The administration of class IA antiarrhythmic drugs facilitates termination of atrial flutter by overdrive pacing. To investigate the electrophysiologic determinants of this effect, changes in the cycle length, the effective refractory period and the excitable gap of spontaneous type I atrial flutter were studied in 11 patients given intravenous disopyramide (3 mg/kg in 1 hour). After drug infusion, the cycle length of atrial flutter increased from 238 ± 26 to 298 ± 38 ms (+25%; p <0.001) and the effective refractory period prolonged from 169 ± 19 to 192 ± 25 ms (+14%; p <0.01). The excitable gap prolonged from 62 ± 16 to 96 ± 27 ms (+55%; p <0.001). Atrial flutter was terminated by overdrive pacing (mean cycle 203) in 10 of 11 patients; in 1 patient atrial fibrillation resulted after high rate stimulation. In the setting of an anatomically defined reentry circuit, as in type I atrial flutter, the administration of disopyramide prolongs both cycle length and refractory period. The finding of an increased excitable gap suggests that the drug exerts its prominent effect by depressing conduction velocity. A wider excitable gap allows easier penetration of the stimulus in the reentry circuit and accounts for the beneficial effects of type IA antiarrhythmic drugs on the termination of atrial flutter by overdrive pacing.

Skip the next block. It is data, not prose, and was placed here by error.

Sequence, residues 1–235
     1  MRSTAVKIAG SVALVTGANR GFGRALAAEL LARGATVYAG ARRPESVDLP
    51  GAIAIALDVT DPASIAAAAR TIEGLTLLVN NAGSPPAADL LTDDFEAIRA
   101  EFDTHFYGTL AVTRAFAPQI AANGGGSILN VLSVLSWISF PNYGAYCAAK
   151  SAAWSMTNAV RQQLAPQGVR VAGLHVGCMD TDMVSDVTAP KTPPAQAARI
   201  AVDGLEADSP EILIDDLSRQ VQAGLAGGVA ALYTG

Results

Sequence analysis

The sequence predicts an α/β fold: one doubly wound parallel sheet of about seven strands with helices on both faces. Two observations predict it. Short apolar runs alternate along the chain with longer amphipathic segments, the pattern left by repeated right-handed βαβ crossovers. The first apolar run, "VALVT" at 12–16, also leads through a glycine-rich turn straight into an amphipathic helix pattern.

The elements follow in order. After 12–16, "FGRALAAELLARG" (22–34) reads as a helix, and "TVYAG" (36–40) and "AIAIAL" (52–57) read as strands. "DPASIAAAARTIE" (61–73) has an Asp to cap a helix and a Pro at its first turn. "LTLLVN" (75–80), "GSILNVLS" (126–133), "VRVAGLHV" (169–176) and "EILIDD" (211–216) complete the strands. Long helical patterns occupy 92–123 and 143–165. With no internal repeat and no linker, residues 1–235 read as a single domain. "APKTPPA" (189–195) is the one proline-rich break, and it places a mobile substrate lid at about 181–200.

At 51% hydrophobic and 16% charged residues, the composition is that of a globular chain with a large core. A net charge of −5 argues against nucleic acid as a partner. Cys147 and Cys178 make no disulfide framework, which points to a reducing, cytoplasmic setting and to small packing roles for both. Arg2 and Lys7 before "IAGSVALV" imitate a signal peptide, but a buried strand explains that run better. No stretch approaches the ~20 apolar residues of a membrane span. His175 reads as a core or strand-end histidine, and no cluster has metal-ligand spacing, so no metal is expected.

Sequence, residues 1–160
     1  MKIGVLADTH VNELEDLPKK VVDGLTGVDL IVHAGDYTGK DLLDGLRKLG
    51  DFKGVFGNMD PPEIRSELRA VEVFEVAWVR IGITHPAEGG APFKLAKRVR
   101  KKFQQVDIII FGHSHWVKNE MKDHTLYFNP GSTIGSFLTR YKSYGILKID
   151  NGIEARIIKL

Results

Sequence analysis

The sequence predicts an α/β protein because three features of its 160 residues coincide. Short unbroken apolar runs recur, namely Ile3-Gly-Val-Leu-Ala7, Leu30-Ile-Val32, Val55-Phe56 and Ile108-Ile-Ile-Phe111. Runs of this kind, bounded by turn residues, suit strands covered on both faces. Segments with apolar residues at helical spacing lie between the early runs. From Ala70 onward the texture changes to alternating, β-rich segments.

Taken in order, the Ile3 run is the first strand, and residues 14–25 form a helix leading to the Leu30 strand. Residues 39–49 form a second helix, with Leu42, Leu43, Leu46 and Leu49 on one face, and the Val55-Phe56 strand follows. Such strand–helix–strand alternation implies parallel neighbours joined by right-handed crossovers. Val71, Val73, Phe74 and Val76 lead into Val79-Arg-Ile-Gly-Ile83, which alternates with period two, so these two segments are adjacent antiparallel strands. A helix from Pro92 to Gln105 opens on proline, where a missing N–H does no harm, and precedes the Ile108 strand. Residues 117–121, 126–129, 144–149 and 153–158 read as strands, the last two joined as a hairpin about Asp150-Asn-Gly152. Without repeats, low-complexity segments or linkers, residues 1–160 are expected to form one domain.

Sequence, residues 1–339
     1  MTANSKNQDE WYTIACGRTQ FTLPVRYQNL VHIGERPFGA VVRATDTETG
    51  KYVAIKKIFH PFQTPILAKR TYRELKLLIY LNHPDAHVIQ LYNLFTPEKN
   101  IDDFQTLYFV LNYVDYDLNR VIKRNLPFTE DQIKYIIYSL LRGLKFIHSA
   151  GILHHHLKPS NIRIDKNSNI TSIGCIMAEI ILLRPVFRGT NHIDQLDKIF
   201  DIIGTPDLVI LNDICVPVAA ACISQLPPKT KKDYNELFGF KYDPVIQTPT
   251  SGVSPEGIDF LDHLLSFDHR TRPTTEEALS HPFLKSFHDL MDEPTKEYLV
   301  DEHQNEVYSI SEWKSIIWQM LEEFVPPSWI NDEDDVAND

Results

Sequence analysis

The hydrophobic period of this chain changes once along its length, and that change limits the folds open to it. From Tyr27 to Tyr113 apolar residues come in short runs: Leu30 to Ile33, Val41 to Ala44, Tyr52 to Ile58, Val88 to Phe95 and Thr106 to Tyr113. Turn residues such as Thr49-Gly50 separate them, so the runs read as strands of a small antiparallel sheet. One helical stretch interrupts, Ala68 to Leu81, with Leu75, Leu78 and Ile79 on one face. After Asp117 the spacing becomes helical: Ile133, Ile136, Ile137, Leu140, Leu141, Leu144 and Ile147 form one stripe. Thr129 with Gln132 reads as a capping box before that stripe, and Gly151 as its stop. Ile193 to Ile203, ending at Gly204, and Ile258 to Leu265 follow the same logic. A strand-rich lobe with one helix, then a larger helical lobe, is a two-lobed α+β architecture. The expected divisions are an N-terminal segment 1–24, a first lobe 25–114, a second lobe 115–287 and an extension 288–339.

ASJC Scopus subject areas
- Cardiology and Cardiovascular Medicine